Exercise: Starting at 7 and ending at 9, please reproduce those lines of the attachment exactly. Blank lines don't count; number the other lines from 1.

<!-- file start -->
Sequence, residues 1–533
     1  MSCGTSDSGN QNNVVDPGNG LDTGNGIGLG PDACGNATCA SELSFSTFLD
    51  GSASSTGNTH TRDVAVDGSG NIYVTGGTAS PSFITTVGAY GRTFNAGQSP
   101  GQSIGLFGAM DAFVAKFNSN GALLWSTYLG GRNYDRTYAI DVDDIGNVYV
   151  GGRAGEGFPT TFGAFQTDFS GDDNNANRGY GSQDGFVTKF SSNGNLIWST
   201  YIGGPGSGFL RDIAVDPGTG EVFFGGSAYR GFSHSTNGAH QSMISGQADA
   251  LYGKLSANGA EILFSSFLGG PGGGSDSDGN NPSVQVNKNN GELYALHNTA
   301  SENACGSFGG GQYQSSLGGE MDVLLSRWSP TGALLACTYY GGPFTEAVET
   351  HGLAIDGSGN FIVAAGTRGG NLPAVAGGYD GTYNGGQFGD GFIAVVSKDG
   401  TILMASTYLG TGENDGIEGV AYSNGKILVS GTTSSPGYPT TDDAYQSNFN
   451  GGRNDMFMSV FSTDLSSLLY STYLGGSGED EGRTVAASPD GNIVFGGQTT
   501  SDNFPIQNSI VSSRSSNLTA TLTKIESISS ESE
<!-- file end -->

   251  LYGKLSANGA EILFSSFLGG PGGGSDSDGN NPSVQVNKNN GELYALHNTA
   301  SENACGSFGG GQYQSSLGGE MDVLLSRWSP TGALLACTYY GGPFTEAVET
   351  HGLAIDGSGN FIVAAGTRGG NLPAVAGGYD GTYNGGQFGD GFIAVVSKDG